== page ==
TPB’s selection is a comprehensive one. He runs his clock from Guy Fawkes through to January and Burns’ Night. It takes in all manner of hospitality, including party food and cocktails, with sensible soups and cleansing juices for January. The Christmas section is generally very good. The turkey recipe is a bit of a faff as it suggests having the legs taken off, boned, rolled around stuffing, wrapped, and cooked with the roasting crown. It’s surely delicious and worth doing, but demands time and a compliant butcher. It’s the goose recipe that really sings, alongside cavolo nero with dried cranberries. Curing your own salmon with mulled wine is great, as is making a soufflé with Christmas Pudding. Recipes for leftovers are superb and make for good reading. There’s pretty much something for everyone here, in fact, whether it’s game pasties, pheasant, venison with chocolate sauce, beef tea broth, kedgeree, ceviche… And there’s a sensible index, which not enough cookbooks have nowadays. It should prove a valuable resource for any kitchen bookshelf, particularly at this time of year, but also beyond. Most of all, it’s celebratory – of the feasts and season, of Fortnum & Mason, and of food.


Simon Walsh is a cookery columnist

on the Church Times and a priest in

the Diocese of London


Mulled Wine-Cured Salmon

Salmon, singing carols, and wearing a very Christmassy marinade. Remember, this recipe needs 48 hours’ preparation. The marinade may seem a little bold, but the spices are a lot more subtle than you’d think. Try to find farmed salmon which is organically certified, to avoid low stocking densities and ensure minimal use of chemicals.


& Fortnum’s Blanc de Blancs Grand Cru Champagne is perfect with this salmon


serves 4

500g salmon fillet, pin-boned


for the cure

75g sea salt

75g caster sugar

½ a lemon, thinly sliced

½ an orange, thinly sliced


for the mulled wine

1 bottle of red wine

juice and grated zest of  1 orange

juice and grated zest of  1 lemon

50g caster sugar

5g star anise

1  cinnamon stick

5g cloves

small loaf of soda bread, to serve


Mix the sea salt and sugar together. Sprinkle half the mixture in a dish just large enough to hold the salmon and put half the orange and lemon slices on top. Put the fish on top of that. Cover with the rest of the salt and sugar, then the remaining orange and lemon slices. Cover with cling film and place in the fridge for 24 hours, turning the salmon over once.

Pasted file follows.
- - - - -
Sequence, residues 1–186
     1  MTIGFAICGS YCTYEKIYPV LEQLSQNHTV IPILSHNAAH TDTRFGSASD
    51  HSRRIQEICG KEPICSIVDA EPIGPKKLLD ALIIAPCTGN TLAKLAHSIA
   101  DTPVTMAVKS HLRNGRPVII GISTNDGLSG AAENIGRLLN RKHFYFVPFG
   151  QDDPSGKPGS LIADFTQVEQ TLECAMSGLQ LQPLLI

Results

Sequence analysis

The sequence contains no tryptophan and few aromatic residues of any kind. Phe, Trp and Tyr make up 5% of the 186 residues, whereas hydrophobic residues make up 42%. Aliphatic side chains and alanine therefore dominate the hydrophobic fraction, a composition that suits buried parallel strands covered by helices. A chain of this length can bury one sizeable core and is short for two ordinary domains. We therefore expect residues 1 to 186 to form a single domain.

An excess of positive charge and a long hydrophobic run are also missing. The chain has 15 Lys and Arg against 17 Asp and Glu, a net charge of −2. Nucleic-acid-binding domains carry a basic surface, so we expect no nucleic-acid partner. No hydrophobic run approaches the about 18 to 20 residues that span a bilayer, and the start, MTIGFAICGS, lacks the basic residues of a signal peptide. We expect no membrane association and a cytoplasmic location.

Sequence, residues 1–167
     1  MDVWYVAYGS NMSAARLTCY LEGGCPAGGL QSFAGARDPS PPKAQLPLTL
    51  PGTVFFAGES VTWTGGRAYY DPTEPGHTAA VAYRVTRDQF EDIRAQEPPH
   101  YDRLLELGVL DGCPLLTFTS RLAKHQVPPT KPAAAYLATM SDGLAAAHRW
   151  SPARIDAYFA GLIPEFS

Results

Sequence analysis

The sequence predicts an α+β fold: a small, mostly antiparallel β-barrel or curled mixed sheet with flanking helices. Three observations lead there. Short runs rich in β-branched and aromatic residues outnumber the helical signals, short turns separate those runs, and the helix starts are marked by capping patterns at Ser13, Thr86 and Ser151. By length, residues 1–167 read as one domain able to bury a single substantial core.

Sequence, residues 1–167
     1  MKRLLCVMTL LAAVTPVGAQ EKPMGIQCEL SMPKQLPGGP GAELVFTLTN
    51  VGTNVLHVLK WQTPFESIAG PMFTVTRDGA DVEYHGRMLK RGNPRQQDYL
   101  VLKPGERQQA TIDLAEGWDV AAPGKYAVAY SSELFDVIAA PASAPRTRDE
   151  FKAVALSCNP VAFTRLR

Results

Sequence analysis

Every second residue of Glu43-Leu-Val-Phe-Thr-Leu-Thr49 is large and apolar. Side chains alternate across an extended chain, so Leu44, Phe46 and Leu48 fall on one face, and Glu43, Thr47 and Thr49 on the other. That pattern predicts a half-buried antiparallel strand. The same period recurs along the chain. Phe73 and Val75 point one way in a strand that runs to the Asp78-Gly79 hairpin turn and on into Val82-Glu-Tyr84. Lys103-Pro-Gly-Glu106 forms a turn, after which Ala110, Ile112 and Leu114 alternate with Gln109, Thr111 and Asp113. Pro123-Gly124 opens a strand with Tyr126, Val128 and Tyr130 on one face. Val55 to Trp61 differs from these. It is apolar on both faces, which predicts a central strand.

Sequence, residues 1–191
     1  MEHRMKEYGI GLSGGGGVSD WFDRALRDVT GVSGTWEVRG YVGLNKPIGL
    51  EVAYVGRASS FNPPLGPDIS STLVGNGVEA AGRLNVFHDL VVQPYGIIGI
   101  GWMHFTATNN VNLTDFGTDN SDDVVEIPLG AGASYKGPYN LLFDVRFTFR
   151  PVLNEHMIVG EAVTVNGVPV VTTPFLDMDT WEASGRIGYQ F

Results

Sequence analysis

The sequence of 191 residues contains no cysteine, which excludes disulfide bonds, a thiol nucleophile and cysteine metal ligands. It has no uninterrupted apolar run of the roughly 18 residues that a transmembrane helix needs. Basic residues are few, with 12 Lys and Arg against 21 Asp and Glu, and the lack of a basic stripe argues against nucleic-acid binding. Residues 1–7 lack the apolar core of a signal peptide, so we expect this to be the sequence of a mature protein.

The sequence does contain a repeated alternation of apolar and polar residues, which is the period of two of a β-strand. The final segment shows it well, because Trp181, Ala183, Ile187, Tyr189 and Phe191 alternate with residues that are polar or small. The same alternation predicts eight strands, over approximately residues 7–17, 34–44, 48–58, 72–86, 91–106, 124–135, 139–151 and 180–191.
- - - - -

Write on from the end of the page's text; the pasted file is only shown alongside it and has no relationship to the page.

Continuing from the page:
To make the mulled wine, put all the ingredients into a pan and bring slowly to the boil, stirring to dissolve the sugar. Simmer until reduced by half, then strain and leave to cool.

Discard the star anise, cinnamon stick and cloves.

Rinse the salmon and pat dry. Wash the dish, return the salmon to it  and pour over the cold mulled wine. Cover with cling film and leave in the fridge to marinate for 24 hours, turning the salmon over about halfway through.

Remove the salmon from the mulled wine. Slice it thinly at an angle, like smoked salmon and serve with soda bread.


Roast Goose with Apple Sauce and Cavolo Nero

A whole roast goose is a glorious thing, but it does tend to lose a lot of weight in the oven. Still, that means lots of lovely goose fat in which to roast your potatoes. The spicing is Christmas to its core, with cloves, cinnamon, star anise and peppercorns, as warming as a crackling log fire. Try to use Bramley apples, or some other suitably sharp variety for the sauce, as you want it to cut a swathe through that rich goose flesh.


& to drink with the goose:

a bottle of Meursault


serves 6


1 x 4.5–5kg goose

1 teaspoon sea  salt flakes

8 cloves

2 cinnamon sticks

2 star anise

8 black peppercorns

2 small oranges

a small bunch of thyme

3 tablespoons honey


for the apple sauce

50g butter

4 Bramley apples, peeled, cored and chopped

50g caster sugar

a sprig of thyme


for the cavolo nero

4 heads of cavolo nero

40g dried cranberries, roughly chopped

100ml water

50g butter


Remove the giblets from the bird and take any excess fat out of the cavity. Prick the skin all over with a fork and place the goose on a rack over a roasting tin. Rub the bird all over with the spice mix. Scratch the oranges with a fork and stud them with the remaining cloves.

Place them in the cavity of the goose, along with the thyme and the remaining cinnamon stick, star anise and peppercorns.